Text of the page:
Who is Sylvia? What is she indeed? An extraordinary and amazing play performed splendidly by a first class troupe, which makes for a fabulous night at the theatre – that’s what! And while it is certainly a wonderful comedy, it is also sub-titled “Notes toward a definition of tragedy” and should not be missed. 10 out of 10!
This remarkable play has been raved about, pilloried, delighted in and misunderstood since its release in 2002. Albee himself said that it was not about bestiality, but about “love, and loss, and the limits of our tolerance and who, indeed, we really are.” That makes it quite a challenge for both audience and actor, as we are pushed to think about what we can’t imagine. It’s about the intensity of human love which can be beyond emotional, social or personal control.
This cast under the expert direction of Mitchell Butel rises to the challenge absolutely superbly. Nathan Page as Martin, the 50 year old, happily married architect at the pinnacle of his career, is in full control of the complexities demanded in this particularly challenging role, whether detached and distracted with his best mate, elucidating his love for a goat as well as for his wife, or discovering new levels of understanding of his love for his son, and also in his final despair.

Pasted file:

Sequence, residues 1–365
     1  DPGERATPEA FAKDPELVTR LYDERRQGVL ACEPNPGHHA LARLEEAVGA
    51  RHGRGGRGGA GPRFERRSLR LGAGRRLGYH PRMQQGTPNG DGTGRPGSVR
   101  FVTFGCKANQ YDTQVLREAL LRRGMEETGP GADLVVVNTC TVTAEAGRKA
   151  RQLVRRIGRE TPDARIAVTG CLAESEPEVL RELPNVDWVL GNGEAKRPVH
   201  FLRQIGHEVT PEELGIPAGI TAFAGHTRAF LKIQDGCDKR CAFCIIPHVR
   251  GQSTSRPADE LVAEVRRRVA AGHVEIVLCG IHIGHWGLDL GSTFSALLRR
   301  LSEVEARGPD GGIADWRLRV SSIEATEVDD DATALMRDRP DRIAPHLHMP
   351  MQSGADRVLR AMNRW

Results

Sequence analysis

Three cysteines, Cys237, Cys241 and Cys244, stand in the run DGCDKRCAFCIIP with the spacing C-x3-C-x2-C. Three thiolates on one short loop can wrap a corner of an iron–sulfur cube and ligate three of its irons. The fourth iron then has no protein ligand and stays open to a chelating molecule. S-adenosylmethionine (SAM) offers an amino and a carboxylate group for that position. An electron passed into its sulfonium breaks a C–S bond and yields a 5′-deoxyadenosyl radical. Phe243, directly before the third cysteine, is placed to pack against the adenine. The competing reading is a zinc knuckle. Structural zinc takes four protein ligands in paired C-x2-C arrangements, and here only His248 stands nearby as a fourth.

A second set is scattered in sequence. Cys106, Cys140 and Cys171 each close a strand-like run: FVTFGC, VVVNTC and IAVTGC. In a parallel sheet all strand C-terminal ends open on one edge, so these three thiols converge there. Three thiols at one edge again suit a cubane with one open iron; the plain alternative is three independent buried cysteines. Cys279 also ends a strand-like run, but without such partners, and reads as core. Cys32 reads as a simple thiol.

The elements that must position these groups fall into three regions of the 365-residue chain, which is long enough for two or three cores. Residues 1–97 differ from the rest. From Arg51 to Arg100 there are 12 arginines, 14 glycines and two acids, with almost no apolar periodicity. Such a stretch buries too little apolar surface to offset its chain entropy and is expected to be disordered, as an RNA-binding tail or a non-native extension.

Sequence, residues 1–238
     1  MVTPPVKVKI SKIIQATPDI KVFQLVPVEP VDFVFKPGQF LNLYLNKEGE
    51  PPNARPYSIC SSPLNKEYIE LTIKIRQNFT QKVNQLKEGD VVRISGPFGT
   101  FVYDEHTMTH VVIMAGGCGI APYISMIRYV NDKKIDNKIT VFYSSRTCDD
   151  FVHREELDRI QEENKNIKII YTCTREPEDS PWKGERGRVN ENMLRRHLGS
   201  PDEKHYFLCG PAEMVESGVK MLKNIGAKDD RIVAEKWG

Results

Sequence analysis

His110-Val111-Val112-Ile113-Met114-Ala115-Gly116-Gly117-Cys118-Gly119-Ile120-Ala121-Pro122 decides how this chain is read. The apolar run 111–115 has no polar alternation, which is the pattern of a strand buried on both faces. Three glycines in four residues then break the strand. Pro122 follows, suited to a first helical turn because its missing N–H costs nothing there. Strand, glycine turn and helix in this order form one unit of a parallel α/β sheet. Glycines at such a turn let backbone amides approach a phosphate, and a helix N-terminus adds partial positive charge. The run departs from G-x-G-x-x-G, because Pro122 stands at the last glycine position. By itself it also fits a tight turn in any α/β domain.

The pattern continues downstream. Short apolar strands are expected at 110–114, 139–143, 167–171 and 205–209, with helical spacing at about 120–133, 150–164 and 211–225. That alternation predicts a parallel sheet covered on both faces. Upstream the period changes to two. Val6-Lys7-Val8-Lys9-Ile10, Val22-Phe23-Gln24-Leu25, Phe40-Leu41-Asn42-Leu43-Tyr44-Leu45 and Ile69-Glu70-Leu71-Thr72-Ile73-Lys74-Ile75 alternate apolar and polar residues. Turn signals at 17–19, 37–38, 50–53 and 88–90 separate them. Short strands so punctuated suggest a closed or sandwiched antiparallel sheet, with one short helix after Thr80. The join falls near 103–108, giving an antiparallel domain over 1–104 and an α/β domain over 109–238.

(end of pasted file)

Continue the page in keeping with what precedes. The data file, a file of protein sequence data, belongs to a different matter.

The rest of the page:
Claudia Karvan is luminescent in the role of Stevie, his faithful, devoted wife, again masterfully portraying a colossal range of emotional expressions from tenderness and lightheartedness to near violent destructiveness, as she discovers the depth of her horror and disbelief at the revelation she is faced with: a place from which there is no turning back.
These two are very reliably supported by Mark Saturno as Ross, Martin’s and Stevie’s best friend turned informer: perhaps the epitome of the normal, or is he a Judas as the antithesis of a best friend? Yazeed Daher as Billy, their gay teenage son is also excellent as he comes to grips with who his father is, and in his final plaintive plea for normalcy which brings down the curtain.
All this intensity is wrapped in superbly written and frequently very humorous language, as repartee, delightful irrelevancies, grammatical correctness and erudition provide plenty of raucous laughter from the rapt audience. Subtle lighting changes by Nigel Levings enhance the emotional content throughout, and Jeremy Allen’s set design provides the perfect upper middle class background of the unfolding and collapse of any pretensions.
There is so much to this play and fabulous production, in which unbelievable meets the unforgivable, and presents such a stimulating challenge. I came away wanting to see it all over again. Do yourself a favour and see it – at least once!
State Theatre Company South Australia presents
The Goat, or Who is Sylvia?
by Edward Albee
Director Mitchell Butel
Venue: Dunstan Playhouse, Adelaide Festival Centre | King William Road, Adelaide SA
Dates: 10 – 25 February 2023